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Is a Mortgage Too Much in Retirement?

Jun 15, 2021 5 min read Prudential Staff

Key takeaways

  • Start with a goal in mind. This way, your decisions align with what’s most important to you.
  • Tally up your assets, income sources and expenses to understand your financial position.
  • Consider downsizing, renting or trimming expenses if it makes sense.

 

One of the biggest decisions in your retirement years may be whether to continue holding (and paying) a mortgage.

Whether they want to or not, Americans increasingly carry debt into retirement. According to the Federal Reserve’s most recent Survey of Consumer Finances Opens in new window,* the median household headed by someone 65 to 74 had a mortgage debt of $89,000 in 2019. (The median is the middle result when you line up responses by size, so roughly half of all households had more debt than that.) What’s more, 28% of households headed by someone over 74 owed money on a home, up from just 10% in 2001.

COVID-19 has also put many Americans who may be thinking of retiring in a tight spot. The Harvard Joint Center for Housing Studies Opens in new window reports that due to the pandemic, nearly 26% of renters and 21% of owners age 65 and older have reported a loss of employment income.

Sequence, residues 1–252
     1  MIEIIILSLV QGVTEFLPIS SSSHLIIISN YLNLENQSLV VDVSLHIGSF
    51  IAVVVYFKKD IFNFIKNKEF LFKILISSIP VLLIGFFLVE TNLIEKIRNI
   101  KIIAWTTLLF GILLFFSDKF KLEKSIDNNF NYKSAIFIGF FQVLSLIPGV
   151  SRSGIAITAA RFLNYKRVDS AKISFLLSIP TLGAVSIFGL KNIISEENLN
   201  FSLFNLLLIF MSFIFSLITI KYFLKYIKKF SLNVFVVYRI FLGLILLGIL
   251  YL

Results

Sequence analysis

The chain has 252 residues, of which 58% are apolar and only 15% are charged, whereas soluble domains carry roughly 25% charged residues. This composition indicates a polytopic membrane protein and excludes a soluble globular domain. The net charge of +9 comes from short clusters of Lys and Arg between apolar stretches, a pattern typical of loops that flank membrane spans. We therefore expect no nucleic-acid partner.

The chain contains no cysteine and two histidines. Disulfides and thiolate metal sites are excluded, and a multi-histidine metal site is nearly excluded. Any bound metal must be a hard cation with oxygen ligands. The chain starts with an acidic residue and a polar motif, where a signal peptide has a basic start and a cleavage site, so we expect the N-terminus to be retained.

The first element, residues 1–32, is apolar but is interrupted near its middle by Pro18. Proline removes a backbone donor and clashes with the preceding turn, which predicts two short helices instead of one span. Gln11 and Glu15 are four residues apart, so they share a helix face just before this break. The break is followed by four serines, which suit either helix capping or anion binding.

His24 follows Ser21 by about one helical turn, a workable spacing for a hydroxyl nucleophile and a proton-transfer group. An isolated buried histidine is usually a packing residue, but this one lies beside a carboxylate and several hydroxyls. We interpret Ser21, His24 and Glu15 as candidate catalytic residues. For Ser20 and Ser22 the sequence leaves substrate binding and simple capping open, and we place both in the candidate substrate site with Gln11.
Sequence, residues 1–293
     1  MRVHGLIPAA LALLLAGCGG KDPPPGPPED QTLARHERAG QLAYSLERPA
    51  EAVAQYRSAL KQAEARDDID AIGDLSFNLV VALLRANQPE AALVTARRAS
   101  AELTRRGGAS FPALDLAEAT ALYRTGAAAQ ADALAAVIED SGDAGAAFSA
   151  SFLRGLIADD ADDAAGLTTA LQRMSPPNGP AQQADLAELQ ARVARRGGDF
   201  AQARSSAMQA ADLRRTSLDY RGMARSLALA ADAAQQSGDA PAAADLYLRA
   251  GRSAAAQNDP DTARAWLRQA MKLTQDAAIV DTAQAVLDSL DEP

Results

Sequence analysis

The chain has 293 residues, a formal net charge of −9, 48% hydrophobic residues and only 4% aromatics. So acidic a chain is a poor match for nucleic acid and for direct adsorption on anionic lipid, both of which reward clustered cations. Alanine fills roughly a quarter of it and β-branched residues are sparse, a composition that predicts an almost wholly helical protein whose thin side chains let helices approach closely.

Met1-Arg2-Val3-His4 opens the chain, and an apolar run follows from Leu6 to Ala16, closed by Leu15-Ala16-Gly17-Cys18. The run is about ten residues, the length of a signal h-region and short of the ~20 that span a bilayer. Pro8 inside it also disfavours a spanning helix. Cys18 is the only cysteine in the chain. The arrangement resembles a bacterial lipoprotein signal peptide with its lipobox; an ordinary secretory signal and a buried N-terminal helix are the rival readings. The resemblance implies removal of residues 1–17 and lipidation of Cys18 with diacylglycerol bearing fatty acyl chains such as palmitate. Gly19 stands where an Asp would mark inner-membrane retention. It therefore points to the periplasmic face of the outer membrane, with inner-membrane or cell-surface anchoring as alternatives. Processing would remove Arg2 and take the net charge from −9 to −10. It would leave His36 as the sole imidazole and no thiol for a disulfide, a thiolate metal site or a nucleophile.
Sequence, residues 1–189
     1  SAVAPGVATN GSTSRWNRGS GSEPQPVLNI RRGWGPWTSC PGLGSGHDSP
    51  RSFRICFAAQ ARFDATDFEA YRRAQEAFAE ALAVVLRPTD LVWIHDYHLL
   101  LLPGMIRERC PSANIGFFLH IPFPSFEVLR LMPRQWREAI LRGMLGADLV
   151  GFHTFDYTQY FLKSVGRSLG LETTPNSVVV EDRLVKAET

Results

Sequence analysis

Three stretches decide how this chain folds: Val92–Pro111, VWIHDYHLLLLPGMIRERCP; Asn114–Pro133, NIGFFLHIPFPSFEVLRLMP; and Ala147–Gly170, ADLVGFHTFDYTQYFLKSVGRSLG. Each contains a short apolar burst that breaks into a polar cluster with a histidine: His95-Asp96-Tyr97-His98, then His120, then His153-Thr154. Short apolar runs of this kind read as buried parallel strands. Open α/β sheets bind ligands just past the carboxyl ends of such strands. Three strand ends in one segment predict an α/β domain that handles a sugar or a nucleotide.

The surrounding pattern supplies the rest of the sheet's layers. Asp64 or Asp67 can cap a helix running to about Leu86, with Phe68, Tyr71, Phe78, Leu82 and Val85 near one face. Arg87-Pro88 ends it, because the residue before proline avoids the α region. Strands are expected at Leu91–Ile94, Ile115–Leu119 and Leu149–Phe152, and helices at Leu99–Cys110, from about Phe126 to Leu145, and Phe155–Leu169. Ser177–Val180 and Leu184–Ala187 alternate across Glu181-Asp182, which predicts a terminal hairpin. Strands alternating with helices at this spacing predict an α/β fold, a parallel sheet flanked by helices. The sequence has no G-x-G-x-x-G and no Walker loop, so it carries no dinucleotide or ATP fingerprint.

This may raise many people’s concerns about their ability to earn—and save—during their last few years before retirement. After all, large debt payments take money away from other retirement wants and needs, like travel and health care.

Still, you need to live somewhere once your working days are done. These steps can help you decide how to approach it.

 

 

  1. 1. Clarify your goals

    Imagining your “future self” can help you get the retirement you want. Decide what you want your post-career years to look like with your housing situation in mind: Do you hope to travel often? Do you enjoy staying at home? Will you be able to maintain a home yourself? Would you rather have someone else handle everything?

    Ultimately, your housing decisions can affect how much time and money you’ll have available for recreation, self-care and other retirement activities.

     

  1. 2. Understand your possible expenses

    Estimate your expenses, and include costs besides housing. For example, you might want to plan for:

  • Out-of-pocket medical expenses for items Medicare doesn’t cover Opens in new window
  • Payments on any remaining debts (auto loans or credit card balances, for example)
  • Funds to help your grandchildren or adult children (especially those who may depend on you for care)
  • Helping aging parents, including financial support and visitation expenses
  • Funeral costs for parents, spouses or partners
  • Taxes on any income you receive or investments you sell at a profit
  • Pet care
  • Food, household staples and entertainment

 

  1. 3. Make a plan

    Evaluate your situation and determine if you’re on track to cover all your expenses with retirement income you expect. For example, you might have pension income, Social Security benefits or annuity income on the way. You may also have investments you plan to draw from to supplement those guaranteed sources. Ideally, the numbers indicate you’ll have a few options for retirement.